The last few chapters, especially, show you what has happened since the diagnosis. I went on to work as an advocate, we adopted our daughter and I wrote this book and really settled into rhythms of appreciating home and family and slowing down. After you survive, you are in this frenzy to make meaning out of what you just experienced, so you’re trying to do all the things. And I still run into that, but the end of the book slows way down. I started to enjoy the fact that I’m alive and rest in that, so it takes you on a journey of how to live after receiving a diagnosis.
Q: Did writing about your diagnosis come easy to you or was it difficult?
A: Probably both. It was easy because I like to write, so journaling and writing were therapeutic. I was already writing a blog, so it got me into that mindset. It [became difficult] when I had to put words and feelings and emotions to some of the hardest moments of my life. Going back and reliving the memories to show the story was difficult, but it helped me heal. I went back through the process as a part of writing the book, and it helped me get over some of the more difficult moments and find grace for me.
Q: You say cancer “spiced up your journey.” Would you explain?
A: I felt that way especially at 17, and I am a person strong in my faith. When you hear faith stories, they’re dramatic. People are in a really tough spot, and then all of a sudden, they are completely transformed. Growing up in the middle of the country, in the suburbs, going to church and talking about this stuff was expected my whole life. Although I believed it, it felt very boring to me. So, when I found myself in a very rare, unusual circumstance that was blowing people’s minds, it was an opportunity to lean into the faith that I had been raised in and find myself in the stories. As a Christian, I’ve been raised on stories that were mind blowing, so with such a rare cancer, I was able to apply what I had believed, and it became very real to me. This is going to open eyes and ears not only to [learn] about cancer but also about faith, because faith is how I found purpose and meaning in some of the harder moments like this.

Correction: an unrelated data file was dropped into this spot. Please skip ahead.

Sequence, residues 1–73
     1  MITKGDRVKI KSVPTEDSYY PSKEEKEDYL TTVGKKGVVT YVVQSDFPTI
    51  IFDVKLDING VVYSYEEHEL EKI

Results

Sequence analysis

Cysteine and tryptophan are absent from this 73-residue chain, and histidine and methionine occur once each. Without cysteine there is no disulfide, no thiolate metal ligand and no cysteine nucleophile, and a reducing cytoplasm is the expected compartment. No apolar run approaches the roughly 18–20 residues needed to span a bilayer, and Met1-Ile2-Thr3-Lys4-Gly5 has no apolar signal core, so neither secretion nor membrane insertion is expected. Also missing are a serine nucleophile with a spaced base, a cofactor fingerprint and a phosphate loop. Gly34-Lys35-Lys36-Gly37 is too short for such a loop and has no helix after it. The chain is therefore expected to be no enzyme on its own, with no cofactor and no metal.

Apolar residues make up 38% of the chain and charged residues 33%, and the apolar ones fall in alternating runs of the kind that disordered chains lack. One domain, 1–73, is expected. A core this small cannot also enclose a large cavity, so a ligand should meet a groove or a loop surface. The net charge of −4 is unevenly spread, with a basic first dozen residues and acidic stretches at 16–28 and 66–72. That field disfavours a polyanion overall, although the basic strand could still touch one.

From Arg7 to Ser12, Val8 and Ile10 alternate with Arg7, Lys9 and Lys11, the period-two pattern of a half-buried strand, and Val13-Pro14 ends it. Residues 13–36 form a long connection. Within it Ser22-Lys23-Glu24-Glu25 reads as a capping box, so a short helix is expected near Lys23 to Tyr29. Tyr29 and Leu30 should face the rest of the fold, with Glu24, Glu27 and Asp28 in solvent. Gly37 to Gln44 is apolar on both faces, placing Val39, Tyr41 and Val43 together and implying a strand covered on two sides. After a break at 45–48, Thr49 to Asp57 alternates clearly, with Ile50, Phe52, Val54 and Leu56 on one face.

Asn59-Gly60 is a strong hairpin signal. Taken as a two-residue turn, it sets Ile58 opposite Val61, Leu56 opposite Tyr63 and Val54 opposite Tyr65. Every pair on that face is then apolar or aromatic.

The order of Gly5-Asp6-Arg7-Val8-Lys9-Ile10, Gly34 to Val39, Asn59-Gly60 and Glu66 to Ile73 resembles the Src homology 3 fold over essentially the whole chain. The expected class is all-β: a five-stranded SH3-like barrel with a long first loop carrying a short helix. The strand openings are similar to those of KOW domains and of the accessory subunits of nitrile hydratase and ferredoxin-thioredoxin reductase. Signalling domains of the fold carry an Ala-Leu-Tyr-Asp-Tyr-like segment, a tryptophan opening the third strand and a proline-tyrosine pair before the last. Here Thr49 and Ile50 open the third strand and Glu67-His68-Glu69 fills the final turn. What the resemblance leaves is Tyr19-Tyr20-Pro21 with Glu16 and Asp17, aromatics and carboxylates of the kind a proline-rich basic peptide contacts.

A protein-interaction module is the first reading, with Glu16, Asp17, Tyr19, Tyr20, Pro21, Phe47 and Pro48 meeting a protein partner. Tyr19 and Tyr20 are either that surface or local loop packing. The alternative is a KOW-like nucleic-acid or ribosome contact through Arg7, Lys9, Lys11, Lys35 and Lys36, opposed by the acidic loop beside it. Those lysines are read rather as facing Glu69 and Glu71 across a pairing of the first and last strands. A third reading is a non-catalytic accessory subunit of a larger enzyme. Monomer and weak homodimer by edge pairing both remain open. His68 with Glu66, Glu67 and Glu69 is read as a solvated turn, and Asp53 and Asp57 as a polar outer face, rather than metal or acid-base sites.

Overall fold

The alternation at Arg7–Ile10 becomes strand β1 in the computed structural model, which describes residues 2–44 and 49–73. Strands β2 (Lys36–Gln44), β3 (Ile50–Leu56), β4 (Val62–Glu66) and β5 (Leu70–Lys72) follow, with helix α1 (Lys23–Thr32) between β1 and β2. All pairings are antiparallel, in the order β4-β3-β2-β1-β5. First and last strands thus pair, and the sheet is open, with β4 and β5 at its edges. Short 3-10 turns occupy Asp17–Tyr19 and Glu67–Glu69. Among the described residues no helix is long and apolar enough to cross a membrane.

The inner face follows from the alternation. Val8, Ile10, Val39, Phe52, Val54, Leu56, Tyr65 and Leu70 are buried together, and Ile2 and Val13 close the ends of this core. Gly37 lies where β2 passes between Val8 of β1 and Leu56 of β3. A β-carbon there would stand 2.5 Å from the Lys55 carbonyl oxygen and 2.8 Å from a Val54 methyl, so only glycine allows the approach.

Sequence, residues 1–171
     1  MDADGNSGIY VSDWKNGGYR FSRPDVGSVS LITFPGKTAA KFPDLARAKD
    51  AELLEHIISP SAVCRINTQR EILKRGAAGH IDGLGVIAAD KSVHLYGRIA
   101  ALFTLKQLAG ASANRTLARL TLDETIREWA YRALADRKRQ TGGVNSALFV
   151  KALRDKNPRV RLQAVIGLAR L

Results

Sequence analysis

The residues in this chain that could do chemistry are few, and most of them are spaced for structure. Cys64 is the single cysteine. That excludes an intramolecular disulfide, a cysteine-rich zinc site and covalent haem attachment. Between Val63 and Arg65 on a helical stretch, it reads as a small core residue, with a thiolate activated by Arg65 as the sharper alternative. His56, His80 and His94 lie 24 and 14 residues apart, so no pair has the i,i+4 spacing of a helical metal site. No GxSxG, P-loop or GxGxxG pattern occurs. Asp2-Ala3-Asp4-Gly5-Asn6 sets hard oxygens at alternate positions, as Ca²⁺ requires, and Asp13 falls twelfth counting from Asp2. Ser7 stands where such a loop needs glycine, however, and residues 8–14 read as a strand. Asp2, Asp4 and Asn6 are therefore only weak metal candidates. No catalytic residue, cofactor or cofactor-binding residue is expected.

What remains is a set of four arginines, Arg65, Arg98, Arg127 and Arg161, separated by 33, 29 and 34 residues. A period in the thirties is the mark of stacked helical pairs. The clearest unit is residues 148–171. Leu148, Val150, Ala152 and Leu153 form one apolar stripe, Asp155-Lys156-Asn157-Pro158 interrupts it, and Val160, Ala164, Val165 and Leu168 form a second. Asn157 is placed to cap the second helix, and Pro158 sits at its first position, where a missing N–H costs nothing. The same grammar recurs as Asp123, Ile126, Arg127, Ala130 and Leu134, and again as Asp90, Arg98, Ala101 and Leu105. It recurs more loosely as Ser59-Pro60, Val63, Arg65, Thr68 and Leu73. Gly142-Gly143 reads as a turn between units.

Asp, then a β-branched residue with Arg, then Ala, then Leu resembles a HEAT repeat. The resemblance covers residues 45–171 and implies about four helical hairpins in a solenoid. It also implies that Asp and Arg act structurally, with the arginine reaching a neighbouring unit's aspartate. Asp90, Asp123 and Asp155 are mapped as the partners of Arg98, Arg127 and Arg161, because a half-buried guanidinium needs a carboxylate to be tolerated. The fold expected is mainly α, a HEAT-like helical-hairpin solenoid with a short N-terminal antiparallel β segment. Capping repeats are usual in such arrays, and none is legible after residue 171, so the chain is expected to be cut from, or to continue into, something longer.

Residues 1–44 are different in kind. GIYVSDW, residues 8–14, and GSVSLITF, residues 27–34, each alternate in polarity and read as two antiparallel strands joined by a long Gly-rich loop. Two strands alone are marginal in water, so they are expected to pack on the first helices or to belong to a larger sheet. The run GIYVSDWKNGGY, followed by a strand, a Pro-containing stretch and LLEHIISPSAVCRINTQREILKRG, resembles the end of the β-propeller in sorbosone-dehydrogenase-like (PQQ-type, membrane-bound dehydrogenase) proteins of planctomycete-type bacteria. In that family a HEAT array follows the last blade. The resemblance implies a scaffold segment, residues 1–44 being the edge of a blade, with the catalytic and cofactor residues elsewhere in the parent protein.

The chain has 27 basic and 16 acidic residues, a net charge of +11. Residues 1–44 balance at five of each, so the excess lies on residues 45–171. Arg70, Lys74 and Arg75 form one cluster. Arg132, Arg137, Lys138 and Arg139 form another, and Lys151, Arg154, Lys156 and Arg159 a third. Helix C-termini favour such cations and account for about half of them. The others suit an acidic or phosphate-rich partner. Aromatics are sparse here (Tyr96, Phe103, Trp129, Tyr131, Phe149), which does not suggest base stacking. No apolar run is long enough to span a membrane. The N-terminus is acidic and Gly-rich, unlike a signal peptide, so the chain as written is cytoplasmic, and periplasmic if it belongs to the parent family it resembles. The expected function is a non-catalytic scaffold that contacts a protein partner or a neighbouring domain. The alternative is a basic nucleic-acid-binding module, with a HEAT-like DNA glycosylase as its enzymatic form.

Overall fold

Q: How has having cancer changed your life?
A: I’m getting to the point where I can’t imagine my life without it. It’s brought some of the hardest days that I would never want to relive again, but it’s also brought some of the most joyful experiences that I wouldn’t trade. One of my favorite verses says that God can use all bad things for good, and I believe that. That’s how I see cancer; it’s a bad thing and always will be, but there has been so much good [that has] come out of it, and that comes from my faith and hope that it can happen in any circumstance.
Danielle Ripley-Burgess is a two-time colon cancer survivor who received her first diagnosis at age 17, an award-winning communications professional and the author of “Blush: How I Barely Survived at 17.” She writes and speaks to encourage others that faith can survive. Follow her blog at DanielleRipleyBurgess.com or connect on social media at @DanielleisB.